Solution Approach

The implementation of the solution involves systematic exploration in every possible direction from the cell where the move is intended. Here is a breakdown of how the algorithm translates into the solution strategy:

  1. Direction Vectors: The solution uses a list of tuples called dirs, where each tuple represents a direction vector in the two-dimensional space of the board. For example, (1, 0) represents moving down, (0, 1) represents moving right, (-1, 0) and (0, -1) represent moving up and left respectively, and the four diagonal directions are represented with combinations of 1 and -1.

  2. Iterating Over Directions: The solution iterates over these direction vectors using a for loop. Inside the loop, it sets up two index variables i and j to the rMove and cMove coordinates of the move being queried.

  3. Exploring a Direction: For each of the 8 directions, the code enters a while loop which continues as long as the new indices i + a and j + b (representing the next cell in the direction (a, b)) stay within the bounds of the grid (0 to n-1, as the grid size is 8).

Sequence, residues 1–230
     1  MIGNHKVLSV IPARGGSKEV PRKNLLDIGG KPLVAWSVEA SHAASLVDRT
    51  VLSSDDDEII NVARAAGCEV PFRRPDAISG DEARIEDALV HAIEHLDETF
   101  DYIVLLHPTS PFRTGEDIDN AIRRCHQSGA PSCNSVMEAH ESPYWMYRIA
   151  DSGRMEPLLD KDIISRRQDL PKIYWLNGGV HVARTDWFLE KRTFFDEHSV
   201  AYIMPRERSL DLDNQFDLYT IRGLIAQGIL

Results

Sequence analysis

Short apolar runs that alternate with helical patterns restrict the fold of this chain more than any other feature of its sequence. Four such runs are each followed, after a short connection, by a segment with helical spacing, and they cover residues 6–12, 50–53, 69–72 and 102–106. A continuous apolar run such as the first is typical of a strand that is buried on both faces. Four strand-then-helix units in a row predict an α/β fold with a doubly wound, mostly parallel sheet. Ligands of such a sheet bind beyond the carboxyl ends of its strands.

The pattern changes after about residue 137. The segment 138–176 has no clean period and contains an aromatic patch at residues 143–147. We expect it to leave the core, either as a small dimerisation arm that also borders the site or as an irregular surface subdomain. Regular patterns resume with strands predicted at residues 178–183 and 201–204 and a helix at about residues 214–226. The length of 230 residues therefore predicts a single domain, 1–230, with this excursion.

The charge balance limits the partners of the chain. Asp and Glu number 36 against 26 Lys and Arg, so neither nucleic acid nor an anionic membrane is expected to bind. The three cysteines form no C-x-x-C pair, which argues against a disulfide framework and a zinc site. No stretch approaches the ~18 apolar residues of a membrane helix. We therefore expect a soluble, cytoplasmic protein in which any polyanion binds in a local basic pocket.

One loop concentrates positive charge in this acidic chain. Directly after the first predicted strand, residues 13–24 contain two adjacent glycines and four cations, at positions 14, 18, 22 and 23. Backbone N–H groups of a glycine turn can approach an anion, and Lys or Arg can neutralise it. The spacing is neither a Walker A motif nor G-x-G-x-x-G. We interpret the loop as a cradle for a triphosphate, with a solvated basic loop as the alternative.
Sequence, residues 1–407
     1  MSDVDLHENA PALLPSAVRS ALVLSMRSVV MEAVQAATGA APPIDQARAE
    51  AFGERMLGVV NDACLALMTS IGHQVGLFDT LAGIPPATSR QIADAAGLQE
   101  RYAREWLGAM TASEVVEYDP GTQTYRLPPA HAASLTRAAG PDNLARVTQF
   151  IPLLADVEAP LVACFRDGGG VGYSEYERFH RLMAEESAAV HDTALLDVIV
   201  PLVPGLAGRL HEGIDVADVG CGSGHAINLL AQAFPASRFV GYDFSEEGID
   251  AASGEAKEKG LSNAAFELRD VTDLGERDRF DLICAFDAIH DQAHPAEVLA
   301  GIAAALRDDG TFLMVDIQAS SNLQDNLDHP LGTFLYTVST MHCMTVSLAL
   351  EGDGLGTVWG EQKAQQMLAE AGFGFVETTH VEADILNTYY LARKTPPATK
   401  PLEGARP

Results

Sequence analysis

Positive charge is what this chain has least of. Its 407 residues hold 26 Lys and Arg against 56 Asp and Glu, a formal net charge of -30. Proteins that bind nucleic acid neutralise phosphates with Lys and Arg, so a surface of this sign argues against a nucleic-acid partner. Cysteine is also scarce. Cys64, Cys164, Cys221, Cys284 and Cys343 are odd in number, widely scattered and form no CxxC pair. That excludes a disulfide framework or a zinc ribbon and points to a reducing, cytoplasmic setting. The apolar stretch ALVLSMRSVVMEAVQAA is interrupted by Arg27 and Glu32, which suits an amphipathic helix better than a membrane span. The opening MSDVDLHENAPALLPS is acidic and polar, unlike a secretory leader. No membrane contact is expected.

4. Counting Opposite Colors: It increments a counter t representing the number of cells traversed. The loop breaks if the next cell is either free or of the same color as the move being played (color), since this means a good line cannot be assured in this direction.

  5. Check for Legal Move: After the loop, if the cell that caused the loop to terminate is of the same color as color, and if at least one opposite-colored piece (t > 1) was found in the traversed path, then the move is legal. A true value is immediately returned.

  6. Result: If none of the directions leads to a legal move, meaning no good line was formed, the function returns false after exiting the for loop.

The solution effectively uses a pattern common in grid-based problems, iterating over a set of fixed directions to explore adjacent cells. By using the direction vectors with a while loop and boundary checks, it manages to traverse the two-dimensional array efficiently.

The data structures used here are basic; a list for directions and simple variables for indices and counters. The algorithm does not require additional data structures like stacks, queues, or maps.